- 1 Uninterested Can remember phrases and strings of numbers with
preparation. Struggles to remember details.
- 2 Ignorant Can’t remember phrases and strings of numbers.
Struggles to remember important details.
- 3 Oblivious Remembers nothing other than the essentials.

Wit

Wit is your characters mental aptitude for solving problems and understanding without
knowing the whole picture. Can you figure out who runs the town and crack that coded
letter? Wit is connected to the primary trait Mind as a measure of brain power. Wit is
important for your character to defend themselves and for the ability to figure things out.
Moves using Wit can be boosted with Eureka.

Wit is scaled in the following way:

Score Description Examples


+ 3 Brilliant Recognize a complex pattern hidden in plain sight.
Solve a hard riddle with little or no effort.
+ 2 Keen Recognize a pattern hidden in plain sight.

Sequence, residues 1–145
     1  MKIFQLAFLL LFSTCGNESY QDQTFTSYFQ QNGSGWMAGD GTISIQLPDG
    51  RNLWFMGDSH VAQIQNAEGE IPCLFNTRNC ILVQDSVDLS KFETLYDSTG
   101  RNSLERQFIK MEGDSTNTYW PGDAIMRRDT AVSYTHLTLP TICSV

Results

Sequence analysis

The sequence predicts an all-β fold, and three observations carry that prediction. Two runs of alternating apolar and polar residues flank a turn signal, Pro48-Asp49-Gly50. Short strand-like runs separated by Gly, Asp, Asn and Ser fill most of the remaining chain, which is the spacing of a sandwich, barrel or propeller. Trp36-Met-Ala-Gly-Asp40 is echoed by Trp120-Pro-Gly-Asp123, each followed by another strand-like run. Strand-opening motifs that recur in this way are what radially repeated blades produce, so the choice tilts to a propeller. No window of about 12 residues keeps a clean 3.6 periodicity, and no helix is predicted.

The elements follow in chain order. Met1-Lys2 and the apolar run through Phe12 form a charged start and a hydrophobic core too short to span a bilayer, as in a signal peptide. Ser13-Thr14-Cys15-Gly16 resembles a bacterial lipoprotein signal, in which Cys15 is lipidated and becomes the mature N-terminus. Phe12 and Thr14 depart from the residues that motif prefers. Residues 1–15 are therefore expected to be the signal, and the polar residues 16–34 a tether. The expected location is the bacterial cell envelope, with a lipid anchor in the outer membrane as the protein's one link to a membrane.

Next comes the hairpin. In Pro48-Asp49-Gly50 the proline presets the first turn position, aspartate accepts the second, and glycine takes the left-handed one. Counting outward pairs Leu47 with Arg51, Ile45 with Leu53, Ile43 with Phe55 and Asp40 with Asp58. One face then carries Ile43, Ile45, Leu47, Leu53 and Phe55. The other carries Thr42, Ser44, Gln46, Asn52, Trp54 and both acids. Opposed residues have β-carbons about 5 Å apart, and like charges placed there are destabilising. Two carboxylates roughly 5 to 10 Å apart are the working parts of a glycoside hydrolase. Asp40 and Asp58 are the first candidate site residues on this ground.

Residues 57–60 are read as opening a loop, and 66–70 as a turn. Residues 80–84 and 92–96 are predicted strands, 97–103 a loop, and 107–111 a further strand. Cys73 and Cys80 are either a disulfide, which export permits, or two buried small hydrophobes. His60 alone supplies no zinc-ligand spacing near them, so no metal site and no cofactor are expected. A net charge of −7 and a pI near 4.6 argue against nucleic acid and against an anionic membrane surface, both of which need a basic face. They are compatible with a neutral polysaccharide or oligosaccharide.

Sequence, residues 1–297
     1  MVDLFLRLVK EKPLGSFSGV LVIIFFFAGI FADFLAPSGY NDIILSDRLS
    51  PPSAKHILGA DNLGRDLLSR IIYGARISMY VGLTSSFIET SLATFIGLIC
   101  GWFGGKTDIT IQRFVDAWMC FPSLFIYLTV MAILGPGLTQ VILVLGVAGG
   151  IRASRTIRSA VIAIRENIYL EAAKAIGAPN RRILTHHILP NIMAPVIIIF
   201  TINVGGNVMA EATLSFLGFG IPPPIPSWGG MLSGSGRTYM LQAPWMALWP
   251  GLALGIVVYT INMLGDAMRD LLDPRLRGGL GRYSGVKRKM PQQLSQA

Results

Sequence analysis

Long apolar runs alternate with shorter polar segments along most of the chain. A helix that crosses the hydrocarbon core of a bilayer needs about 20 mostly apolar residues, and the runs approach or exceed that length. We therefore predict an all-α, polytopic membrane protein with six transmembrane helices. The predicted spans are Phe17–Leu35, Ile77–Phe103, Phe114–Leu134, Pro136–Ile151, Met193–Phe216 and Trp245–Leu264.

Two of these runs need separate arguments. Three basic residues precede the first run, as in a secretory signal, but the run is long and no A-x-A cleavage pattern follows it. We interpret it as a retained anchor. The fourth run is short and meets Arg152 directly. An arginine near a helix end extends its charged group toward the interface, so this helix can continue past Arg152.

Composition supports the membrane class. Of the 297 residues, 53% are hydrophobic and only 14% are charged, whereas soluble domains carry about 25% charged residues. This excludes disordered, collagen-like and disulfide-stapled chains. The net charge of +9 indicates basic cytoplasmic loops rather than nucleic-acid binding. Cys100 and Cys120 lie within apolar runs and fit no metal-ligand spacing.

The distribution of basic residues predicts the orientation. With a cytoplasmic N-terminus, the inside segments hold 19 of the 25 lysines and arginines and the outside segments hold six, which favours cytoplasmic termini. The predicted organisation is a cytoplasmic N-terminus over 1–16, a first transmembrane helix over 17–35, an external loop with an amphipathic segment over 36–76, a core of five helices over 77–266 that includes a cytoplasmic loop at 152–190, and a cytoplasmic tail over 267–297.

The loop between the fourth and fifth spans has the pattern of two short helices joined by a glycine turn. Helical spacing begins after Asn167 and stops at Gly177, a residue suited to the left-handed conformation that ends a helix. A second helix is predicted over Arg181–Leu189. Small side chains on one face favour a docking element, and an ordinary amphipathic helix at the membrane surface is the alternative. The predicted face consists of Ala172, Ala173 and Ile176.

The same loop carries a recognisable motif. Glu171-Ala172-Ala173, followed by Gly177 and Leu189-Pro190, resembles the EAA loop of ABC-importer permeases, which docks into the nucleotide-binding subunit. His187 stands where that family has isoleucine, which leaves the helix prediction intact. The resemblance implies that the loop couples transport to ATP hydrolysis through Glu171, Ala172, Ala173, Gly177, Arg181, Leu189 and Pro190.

Solve hard riddles with time to think.
+ 1 Clever Recognizes simple patterns in plain sight.
Solves riddles with good accuracy.
0 Average Recognizes patterns when something sticks out to them.
Can solve riddles when given time.
- 1 Dim Struggles to see patterns even when pointed out to them.
Struggles to solve riddles even with time.
- 2 Stupid Fails to see the most obvious links and patterns. Can only
solve riddles with help, pen and paper.
- 3 Imbecile Fails to recognize concrete threats and patterns even when
explained.

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player Char acter

Charisma

Charisma is how other people receive information and signals from you. If you are